That's why it's up to us to repeatedly tell our congressmen what's up. I email mine almost weekly (Kenny Marchant) and while he does a great many things I despise I do have yet to see him sign on as a cosponsor to one of these internet restriction acts. If our congressmen begin to believe they will have to pay a political price, they'll won't want to be the first one to come out in favor of an internet restriction act. If everyone is afraid to be first, then no one will be.

    • They could write legislation about anything and expect us to like it because it has a word in it like "freedom" or "patriot".

      And don't forget the old advertising chestnut of "new and improved". Oh, waitaminute...they already have a word for that in Congress: "reform". Ever wonder why the tax code needs to be "reformed" every few years? - because it's "new and improved"!

      For fun, the next time you go into a sit-down chain restaurant, read the menu carefully and look for adjectives such as "garden fresh" or "hand selected". Maybe we could apply some of those same adjectives to legislation, e.g. "The Garden Fresh Internet Freedom

    • Sell your greatest weakness like it's your greatest strength. I'm not in marketing, but I see this all time.

    • by JaredOfEuropa ( 526365 ) on Friday March 06, 2015 @12:16PM (#49197101) Journal
      If you see any bill with "freedom", "family", "patriot" or "protection" on it, your first inclination should be to think that there's something evil hidden in the bill. And more often than not you'd be right.
      • Re: (Score:3, Funny)

        by houghi ( 78078 )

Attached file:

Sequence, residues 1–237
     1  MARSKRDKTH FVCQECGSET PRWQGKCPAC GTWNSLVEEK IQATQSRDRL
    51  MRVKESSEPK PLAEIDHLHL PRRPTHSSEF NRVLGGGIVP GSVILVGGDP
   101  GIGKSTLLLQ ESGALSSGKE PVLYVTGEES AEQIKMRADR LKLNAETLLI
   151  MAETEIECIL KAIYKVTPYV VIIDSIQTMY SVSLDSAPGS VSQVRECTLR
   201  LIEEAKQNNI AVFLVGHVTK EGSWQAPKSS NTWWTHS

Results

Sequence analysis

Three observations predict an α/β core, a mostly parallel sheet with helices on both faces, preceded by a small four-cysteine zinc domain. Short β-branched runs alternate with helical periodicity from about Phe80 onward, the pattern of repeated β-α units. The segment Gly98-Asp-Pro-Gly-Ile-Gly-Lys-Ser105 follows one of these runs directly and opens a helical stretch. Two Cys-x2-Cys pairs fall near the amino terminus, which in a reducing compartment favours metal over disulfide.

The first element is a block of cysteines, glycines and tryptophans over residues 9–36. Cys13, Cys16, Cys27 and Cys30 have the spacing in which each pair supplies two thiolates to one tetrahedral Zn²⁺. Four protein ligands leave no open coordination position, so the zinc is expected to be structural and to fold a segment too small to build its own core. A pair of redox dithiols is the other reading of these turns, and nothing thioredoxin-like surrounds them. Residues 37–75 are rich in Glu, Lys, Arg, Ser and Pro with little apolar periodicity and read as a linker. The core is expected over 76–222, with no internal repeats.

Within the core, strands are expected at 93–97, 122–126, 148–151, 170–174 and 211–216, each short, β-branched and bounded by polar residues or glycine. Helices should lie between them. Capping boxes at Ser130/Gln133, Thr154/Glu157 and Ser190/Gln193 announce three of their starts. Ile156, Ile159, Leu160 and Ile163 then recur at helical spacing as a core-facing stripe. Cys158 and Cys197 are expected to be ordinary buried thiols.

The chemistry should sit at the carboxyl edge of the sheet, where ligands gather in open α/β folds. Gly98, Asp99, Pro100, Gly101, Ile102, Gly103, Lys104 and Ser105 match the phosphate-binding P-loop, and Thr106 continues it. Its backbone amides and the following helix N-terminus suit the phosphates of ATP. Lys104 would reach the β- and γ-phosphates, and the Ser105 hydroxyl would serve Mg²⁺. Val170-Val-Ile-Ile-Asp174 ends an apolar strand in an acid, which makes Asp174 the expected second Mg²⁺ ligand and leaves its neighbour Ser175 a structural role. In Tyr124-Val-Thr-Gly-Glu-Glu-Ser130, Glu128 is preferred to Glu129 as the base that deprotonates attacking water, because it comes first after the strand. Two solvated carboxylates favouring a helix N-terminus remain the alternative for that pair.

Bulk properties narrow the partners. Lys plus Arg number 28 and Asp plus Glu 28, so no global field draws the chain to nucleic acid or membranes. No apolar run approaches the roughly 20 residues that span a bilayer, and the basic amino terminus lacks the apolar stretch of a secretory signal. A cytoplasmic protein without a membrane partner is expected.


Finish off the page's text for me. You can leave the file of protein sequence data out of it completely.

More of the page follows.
Hello, I would like to show you "The Freedom to Protect the Patrictotic Families against Terorism". Basically it means "All your base are belong to us."

  • by Anonymous Coward

    LOL! Freedom for the carriers and big business to make more money.

  • by dugancent ( 2616577 ) on Friday March 06, 2015 @11:23AM (#49196517)

    It won't make it to the floor for a vote, let alone past the president.

    • Re:DOA (Score:4, Insightful)

      by cdrudge ( 68377 ) on Friday March 06, 2015 @11:37AM (#49196657) Homepage

      I agree it likely wouldn't make it out of Congress let alone past the President, but how do you figure it won't make it to the floor of at least the House?

    • Re:DOA (Score:5, Interesting)

      by MachineShedFred ( 621896 ) on Friday March 06, 2015 @11:45AM (#49196765) Journal

      The House doesn't operate under rules that prevent singular persons from bringing things to the floor like the Senate does. A bill gets written by a member, and gets referred to the proper committee. If the committee votes in favor, it goes before the full House for debate and voting.